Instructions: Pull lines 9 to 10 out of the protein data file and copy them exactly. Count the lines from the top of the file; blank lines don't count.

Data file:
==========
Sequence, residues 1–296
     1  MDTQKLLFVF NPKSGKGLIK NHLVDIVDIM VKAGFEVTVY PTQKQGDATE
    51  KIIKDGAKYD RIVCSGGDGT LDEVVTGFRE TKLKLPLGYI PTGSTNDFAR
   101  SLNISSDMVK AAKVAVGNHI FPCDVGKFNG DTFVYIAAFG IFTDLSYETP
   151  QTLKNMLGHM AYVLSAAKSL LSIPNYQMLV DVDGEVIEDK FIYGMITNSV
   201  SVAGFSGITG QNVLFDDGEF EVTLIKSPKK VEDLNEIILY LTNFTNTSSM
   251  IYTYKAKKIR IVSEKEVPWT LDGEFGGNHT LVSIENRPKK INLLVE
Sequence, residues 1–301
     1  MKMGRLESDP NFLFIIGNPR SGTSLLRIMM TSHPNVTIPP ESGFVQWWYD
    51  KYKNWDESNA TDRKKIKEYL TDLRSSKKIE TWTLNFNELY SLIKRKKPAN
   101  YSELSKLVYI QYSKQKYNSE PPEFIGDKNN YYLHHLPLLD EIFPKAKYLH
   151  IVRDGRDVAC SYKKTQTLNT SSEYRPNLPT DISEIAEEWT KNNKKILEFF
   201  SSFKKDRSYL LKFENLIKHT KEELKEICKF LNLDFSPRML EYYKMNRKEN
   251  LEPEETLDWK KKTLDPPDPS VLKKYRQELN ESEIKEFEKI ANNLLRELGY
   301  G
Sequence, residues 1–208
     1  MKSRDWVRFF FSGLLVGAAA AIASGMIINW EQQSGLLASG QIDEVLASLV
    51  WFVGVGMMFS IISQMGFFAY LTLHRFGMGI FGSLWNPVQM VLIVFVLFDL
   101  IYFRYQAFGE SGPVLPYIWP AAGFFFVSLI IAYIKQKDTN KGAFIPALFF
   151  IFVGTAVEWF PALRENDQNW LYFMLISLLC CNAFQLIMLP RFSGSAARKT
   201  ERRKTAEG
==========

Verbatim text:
     1  MKMGRLESDP NFLFIIGNPR SGTSLLRIMM TSHPNVTIPP ESGFVQWWYD
    51  KYKNWDESNA TDRKKIKEYL TDLRSSKKIE TWTLNFNELY SLIKRKKPAN